Finally after six hours of walking through the palace and shopping in Isadong, our feet were tired and we were exhausted so we decided to say goodbye to our wonderful tour guides and the other adoptive family and we took the subway back to our hotel to rest.
One thing I'll always remember about our trip to Korea was how exhausted we were!! We crammed SO much stuff into the short time that we were there and we were constantly on the go. Dealing with jet lag, the emotions of meeting Clarissa, never getting enough sleep at night and spending every day walking for hours was hard. We always hated to stop and take a break because we knew that our time in Korea was limited and we wanted to experience everything we could, so for the most part we pushed on, even when there were times that I think we could have curled up on the nearest bench and happily fallen asleep!
But that afternoon I was particularly tired. We really had hardly slept for the past three days and my body was screaming at me to sit down and rest! So we went up to our hotel to rest for a bit.
We hadn't been up there very long when Jin-Ha called to tell us she had a big adventure planned for us! Rest time was over far too soon!
I know I've said it a million times, but Jin-Ha was wonderful to us on that trip. We saw and did so many wonderful things when we were with Jin-Ha that we never could have done if we had been on our own. Our adventure that night was no exception!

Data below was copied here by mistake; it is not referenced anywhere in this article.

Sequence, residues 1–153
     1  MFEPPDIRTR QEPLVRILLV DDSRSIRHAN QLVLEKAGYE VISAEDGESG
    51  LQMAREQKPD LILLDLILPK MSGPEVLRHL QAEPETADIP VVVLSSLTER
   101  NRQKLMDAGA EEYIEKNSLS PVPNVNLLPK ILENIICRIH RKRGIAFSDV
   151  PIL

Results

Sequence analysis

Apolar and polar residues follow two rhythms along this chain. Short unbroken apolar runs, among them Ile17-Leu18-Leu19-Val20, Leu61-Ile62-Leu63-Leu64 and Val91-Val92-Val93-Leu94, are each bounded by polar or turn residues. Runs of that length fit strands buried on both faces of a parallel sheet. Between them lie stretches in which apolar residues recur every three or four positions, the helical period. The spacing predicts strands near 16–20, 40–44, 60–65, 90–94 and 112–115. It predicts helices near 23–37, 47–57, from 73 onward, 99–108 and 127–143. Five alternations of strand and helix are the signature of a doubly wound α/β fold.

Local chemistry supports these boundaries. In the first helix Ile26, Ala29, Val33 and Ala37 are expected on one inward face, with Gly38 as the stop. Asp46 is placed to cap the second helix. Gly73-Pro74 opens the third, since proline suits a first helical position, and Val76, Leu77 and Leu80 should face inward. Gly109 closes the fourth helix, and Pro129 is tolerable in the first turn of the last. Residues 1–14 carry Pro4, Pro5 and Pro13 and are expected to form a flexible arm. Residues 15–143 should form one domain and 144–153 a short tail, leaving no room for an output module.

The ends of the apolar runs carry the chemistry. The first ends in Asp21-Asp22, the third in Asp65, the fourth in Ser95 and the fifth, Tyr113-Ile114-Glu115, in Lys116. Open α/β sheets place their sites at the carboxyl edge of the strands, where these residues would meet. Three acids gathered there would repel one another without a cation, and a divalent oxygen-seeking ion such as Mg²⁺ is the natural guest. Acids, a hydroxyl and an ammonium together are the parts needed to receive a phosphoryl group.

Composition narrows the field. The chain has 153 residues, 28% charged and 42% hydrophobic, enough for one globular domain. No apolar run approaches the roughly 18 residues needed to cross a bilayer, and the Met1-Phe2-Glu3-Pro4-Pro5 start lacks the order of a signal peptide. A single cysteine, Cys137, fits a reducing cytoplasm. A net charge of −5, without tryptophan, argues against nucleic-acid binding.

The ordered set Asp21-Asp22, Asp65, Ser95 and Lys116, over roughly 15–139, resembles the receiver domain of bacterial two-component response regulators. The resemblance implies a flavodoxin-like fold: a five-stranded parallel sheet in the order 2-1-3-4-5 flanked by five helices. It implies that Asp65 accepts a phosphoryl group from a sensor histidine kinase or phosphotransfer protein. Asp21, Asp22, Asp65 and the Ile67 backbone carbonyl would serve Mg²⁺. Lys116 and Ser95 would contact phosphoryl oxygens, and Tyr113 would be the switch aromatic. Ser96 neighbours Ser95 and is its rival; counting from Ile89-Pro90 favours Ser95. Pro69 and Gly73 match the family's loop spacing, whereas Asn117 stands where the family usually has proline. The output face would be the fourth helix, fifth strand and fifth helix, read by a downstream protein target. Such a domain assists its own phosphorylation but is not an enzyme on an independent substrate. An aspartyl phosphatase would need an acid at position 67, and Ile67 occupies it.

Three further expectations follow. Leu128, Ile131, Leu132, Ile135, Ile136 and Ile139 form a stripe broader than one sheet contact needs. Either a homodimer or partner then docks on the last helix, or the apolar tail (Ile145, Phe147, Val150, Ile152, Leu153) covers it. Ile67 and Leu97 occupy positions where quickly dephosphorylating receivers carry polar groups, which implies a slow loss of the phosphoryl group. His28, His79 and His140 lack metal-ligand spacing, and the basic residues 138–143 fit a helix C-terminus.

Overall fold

First she picked us up and took us to her house. Getting to spend some time with her family in their home was so much fun, we loved getting to experience their culture and see what life is like for a family in Korea. They live in an apartment building, like most people in Seoul, and it was really fun to visit. They have an awesome balcony on the back of their apartment that looks onto a playground. I liked it a lot!
Jin-Ha has two sons who are about 8 and 12. Off on another tangent, Koreans actually count their age differently than we do into the US, so their Korean age isn't the same as it would be in the US. Koreans consider babies one year old when they're born. They don't start at zero the way that we do. Then instead of changing to the next age on their birthday everyone switches to the next age on Korean New Years Day. So if a baby is born in December they're one when they're born and then when Korean New Year comes along in January they would become two! So in that case a baby who was a month old by our counting would be considered two years old in Korea. Interesting, huh?! Anyway, that's why I'm still not sure how old Jin-Ha's sons actually are, lol.
My point in talking about her sons was to say that I've never met two sweeter, more polite children in my life! Her younger son was with us quite a bit during our trip and I absolutely love that kid. We totally wanted to take him home with us by the end of the trip! We didn't spend as much time with her older son, but he was so nice to us while we were there. One thing I was particularly impressed with was that when we got to their house he was watching TV and instead of just mumbling hello like most American teenagers would do if their moms friend came to visit, he got up and bowed to us so politely. I was impressed by Korean teenagers our whole trip. They're a lot more respectful than American teenagers.